BSkyB found free of scandal
Britain's media regulator gave pay-TV company BSkyB a clean bill of health yesterday, saying there was no evidence it was linked to the phone-hacking scandal that engulfed its largest shareholder, Rupert Murdoch's News Corp.
However, Ofcom criticised Murdoch's son James for failing to investigate properly allegations of criminality at the group's newspapers.
"In our view, James Murdoch's conduct in relation to events at News Group Newspapers repeatedly fell short of the exercise of responsibility to be expected of him as CEO and chairman," it said.
Murdoch jnr stepped down as chairman of BSkyB in April in an attempt to protect its reputation, but remains on the board.
The ruling by Ofcom, which has clashed repeatedly with BSkyB, will lift a cloud that had long hung over the group.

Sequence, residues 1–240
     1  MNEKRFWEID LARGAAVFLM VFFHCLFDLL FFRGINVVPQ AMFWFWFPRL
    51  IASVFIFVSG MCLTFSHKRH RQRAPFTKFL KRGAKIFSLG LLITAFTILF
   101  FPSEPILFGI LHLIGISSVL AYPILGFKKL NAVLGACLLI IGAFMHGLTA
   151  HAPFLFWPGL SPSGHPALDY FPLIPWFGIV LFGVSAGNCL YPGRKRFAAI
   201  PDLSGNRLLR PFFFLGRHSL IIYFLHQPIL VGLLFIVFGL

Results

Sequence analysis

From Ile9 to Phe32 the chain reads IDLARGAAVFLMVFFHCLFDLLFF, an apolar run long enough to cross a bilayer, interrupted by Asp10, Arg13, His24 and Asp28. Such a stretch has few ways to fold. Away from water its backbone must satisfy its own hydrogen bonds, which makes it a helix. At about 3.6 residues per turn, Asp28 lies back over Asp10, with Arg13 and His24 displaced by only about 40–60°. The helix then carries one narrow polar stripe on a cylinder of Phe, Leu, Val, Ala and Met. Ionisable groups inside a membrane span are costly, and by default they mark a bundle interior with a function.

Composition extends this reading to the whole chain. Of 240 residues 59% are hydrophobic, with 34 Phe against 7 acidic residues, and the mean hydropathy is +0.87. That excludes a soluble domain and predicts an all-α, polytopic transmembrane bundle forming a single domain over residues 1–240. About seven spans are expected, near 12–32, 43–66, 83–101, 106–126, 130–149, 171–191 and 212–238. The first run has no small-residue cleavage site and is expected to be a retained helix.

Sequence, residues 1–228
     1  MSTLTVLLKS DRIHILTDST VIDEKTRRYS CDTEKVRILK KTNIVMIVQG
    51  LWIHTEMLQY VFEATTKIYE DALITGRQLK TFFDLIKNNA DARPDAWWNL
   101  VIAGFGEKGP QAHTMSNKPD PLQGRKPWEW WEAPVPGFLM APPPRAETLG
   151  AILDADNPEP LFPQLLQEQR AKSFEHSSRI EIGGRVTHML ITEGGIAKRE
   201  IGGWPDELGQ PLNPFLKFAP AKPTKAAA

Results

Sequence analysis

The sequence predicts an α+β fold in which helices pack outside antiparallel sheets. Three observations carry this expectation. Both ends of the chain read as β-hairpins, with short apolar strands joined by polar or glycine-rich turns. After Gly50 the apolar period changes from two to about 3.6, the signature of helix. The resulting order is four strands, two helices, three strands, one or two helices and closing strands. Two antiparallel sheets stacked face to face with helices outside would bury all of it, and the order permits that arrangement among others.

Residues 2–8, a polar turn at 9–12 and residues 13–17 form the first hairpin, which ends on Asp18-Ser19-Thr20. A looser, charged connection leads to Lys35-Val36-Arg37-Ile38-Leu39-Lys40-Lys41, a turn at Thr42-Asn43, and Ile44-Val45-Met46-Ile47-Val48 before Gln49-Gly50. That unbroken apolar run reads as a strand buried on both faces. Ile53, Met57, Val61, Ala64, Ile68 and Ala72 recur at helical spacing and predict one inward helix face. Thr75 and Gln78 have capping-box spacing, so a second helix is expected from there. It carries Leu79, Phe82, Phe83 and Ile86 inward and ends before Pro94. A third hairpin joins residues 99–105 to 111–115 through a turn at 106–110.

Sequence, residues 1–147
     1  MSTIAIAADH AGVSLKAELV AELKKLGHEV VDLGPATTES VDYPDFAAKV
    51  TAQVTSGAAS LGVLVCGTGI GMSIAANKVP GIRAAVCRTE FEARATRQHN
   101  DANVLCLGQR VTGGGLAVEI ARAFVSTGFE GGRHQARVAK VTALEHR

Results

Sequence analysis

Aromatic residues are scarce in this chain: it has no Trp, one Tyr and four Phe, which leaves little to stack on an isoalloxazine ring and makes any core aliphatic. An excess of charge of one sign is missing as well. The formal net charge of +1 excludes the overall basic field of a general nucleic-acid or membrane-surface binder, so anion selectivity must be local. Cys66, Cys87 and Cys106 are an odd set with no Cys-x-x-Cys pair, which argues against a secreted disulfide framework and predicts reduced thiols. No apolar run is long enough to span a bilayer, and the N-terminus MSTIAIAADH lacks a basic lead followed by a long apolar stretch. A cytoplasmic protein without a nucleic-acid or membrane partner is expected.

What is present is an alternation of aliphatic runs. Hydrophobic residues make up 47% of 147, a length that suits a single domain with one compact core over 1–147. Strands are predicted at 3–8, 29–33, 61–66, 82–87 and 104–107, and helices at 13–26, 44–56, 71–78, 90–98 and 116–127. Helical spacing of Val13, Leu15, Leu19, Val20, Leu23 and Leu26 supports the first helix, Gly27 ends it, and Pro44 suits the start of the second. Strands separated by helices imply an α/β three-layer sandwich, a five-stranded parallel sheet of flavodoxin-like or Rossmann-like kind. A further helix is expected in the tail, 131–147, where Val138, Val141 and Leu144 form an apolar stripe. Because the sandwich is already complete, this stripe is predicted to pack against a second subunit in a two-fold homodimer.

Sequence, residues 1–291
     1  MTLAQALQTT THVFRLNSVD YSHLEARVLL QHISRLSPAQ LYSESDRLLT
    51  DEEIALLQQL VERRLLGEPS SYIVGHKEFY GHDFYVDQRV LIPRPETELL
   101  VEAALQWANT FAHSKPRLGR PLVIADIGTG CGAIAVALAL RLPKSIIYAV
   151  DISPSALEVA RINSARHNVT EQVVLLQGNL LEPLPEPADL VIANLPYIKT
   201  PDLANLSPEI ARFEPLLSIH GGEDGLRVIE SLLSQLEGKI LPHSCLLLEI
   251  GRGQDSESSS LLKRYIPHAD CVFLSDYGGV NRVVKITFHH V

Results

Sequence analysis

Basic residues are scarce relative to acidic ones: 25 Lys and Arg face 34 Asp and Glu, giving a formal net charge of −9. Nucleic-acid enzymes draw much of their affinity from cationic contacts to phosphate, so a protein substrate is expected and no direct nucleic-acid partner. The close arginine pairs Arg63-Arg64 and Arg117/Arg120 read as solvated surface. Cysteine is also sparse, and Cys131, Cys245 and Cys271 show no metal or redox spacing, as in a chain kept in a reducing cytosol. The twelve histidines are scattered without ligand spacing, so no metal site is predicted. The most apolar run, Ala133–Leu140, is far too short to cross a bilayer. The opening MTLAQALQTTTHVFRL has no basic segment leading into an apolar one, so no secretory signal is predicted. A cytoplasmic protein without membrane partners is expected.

Ofcom concluded BSkyB was "fit and proper" to hold a broadcasting licence and avoided making the most serious ruling that News Corp should sell some of its nearly 40% holding.
Prompted by the admission that News of the World journalists had hacked into the voicemail of celebrities, politicians and crime victims, Ofcom had examined whether News Corp was an appropriate owner of BSkyB and whether James Murdoch was an appropriate director.
The criminality at Murdoch's powerful British newspaper arm included staff hacking into the voicemail of a murdered schoolgirl.
Under pressure for his own close ties to Murdoch's media group, Prime Minister David Cameron ordered a judge-led inquiry into press standards.
More than 80 people have now been arrested over allegations of phone-hacking, illegal payments, computer-hacking and attempts to pervert the course of justice.